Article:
An American Perspective on the EU-US Young Leaders Seminar

“In Iraq, I was a son, a brother, and a student, but when I fled, I became just a refugee.”

This testimony opened the EU-US Young Leaders Seminar, which brought together 25 American and 25 European students and scholars to learn about migration. The conference gave me the opportunity to discover what the European Union is doing to restore dignity to refugees such as Mustafa, who, despite being displaced, has so much to offer.

In America, images of migrants in boats dominate media portrayals of migration in Europe. Yet in Brussels, the headquarters of the European Union, I learned of EU’s efforts to accommodate them once they reach shore. The conference centered on migrant integration in the areas of education, culture, and the economy, so that newcomers can successfully rebuild their lives.

A panel discussion on cultural integration

Voices from these European and American scholars provided firsthand testimonials of the challenges facing the various countries where they studied, as well as their own efforts to assist. Participants shared their inspiring work as English teachers, dressmakers, and documentary filmmakers. And the meeting of European and American perspectives sparked lively debates: is personal freedom or assimilation more important when it comes to displays of religious affiliation or difference in gender roles?

When we weren’t hashing out the intricacies of cultural integration, we explored the best of Brussels. Both the Fulbright Commission and the EU in Brussels rolled out the red carpet by hosting a reception with government, academic and NGO leaders from the US and the EU. And they topped it all off with our very own waffle truck — a sweet reminder that food is the best bridge between cultures.

At the penultimate session, the Migration Policy Institute left us all with a challenging idea. Studies show that migrants tend to mirror their host population’s political participation, educational attainment, and economic success. This finding suggests that one of the best ways to foster migrant integration is to build the best society we can and migrants will follow suit.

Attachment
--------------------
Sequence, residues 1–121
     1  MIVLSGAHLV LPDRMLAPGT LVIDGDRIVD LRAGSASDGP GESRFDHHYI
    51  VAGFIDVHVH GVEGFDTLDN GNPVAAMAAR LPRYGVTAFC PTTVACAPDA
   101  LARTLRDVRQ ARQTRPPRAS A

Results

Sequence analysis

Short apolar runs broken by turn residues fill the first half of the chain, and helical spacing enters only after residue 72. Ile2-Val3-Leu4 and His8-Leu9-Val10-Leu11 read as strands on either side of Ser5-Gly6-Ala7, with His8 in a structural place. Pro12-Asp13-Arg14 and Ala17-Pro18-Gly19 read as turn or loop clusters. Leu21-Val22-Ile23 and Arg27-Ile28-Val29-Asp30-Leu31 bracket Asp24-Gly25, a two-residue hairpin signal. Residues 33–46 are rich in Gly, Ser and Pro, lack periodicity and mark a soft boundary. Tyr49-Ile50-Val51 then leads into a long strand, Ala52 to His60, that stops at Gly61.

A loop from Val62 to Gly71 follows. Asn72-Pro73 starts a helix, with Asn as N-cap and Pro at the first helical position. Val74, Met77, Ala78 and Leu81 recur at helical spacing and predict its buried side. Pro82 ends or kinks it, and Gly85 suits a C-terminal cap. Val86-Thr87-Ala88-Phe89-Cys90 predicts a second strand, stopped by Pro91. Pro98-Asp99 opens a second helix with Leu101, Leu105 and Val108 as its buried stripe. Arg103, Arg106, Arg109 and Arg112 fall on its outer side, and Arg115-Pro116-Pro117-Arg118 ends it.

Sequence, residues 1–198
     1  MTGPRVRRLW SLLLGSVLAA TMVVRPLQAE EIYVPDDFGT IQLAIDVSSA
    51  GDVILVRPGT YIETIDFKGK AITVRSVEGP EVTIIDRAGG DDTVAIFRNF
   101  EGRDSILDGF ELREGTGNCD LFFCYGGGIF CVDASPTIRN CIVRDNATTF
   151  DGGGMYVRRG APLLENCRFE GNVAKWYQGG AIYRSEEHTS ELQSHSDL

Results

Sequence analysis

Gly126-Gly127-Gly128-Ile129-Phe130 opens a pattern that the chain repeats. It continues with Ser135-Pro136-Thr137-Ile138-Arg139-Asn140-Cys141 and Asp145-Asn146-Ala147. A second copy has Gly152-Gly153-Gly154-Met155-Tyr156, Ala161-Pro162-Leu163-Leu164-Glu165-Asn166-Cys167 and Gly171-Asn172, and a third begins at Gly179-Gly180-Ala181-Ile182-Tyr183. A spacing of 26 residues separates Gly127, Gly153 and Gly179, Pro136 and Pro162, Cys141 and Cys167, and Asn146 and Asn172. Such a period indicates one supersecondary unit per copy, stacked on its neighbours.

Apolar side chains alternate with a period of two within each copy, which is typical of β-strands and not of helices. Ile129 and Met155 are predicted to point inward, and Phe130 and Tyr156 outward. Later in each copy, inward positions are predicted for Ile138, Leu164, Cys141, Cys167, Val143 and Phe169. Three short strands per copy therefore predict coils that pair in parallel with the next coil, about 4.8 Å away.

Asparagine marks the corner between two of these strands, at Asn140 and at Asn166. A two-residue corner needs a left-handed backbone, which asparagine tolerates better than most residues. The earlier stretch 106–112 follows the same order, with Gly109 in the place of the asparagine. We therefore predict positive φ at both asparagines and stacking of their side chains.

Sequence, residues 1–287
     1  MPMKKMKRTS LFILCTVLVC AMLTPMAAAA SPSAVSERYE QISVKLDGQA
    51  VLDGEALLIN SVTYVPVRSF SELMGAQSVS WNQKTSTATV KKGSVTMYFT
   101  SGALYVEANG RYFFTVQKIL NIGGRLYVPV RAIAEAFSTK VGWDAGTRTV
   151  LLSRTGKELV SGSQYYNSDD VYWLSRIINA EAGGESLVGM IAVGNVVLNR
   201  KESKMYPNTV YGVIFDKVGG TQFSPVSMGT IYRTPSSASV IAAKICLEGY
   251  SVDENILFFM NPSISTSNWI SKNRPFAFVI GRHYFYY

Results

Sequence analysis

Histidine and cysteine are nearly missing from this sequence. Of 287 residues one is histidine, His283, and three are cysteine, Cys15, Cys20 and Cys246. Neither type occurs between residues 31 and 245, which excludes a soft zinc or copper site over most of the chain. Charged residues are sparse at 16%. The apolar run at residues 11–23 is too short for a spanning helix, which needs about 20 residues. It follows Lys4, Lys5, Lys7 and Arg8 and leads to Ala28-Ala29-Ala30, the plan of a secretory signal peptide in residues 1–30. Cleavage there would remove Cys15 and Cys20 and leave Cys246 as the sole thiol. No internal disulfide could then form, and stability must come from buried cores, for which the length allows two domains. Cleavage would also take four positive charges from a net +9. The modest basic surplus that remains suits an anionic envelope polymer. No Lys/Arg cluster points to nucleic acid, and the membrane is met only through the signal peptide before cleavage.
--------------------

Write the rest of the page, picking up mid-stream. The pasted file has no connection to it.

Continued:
Under such a framework, transatlantic cooperation becomes of primary importance as we work to ensure that no one is just a refugee. The highlight of the EU-US Young Leaders Summit was the number of young leaders who understand the complexity of migrant integration but who are equally committed to utilizing the many strengths that immigrants bring. The EU and the US can achieve much by learning from one another, and this conference showed such synergy in action.

This story is part of the #EUatSchool series, showcasing the wide array of EU educational programs, grants, and competitions open to Americans. From Erasmus+ to Euro Challenge to Kids Euro Festival, each week we’ll publish new stories written by the high schoolers, college students, researchers, and educators who have experienced and benefitted from these programs first-hand. Find new stories on Medium each week.

The EU-U.S. Young Leaders’ Seminar takes place over 2.5 days in Brussels, gathering 25 American Fulbright students together with 25 European students who have participated in EU exchange and research programmes such as Erasmus+ and Marie Sklodowska-Curie actions. During this enrichment seminar, participants exchange their research findings and experiences with each other and also engage with EU and U.S. policymakers and civil society representatives. Learn more.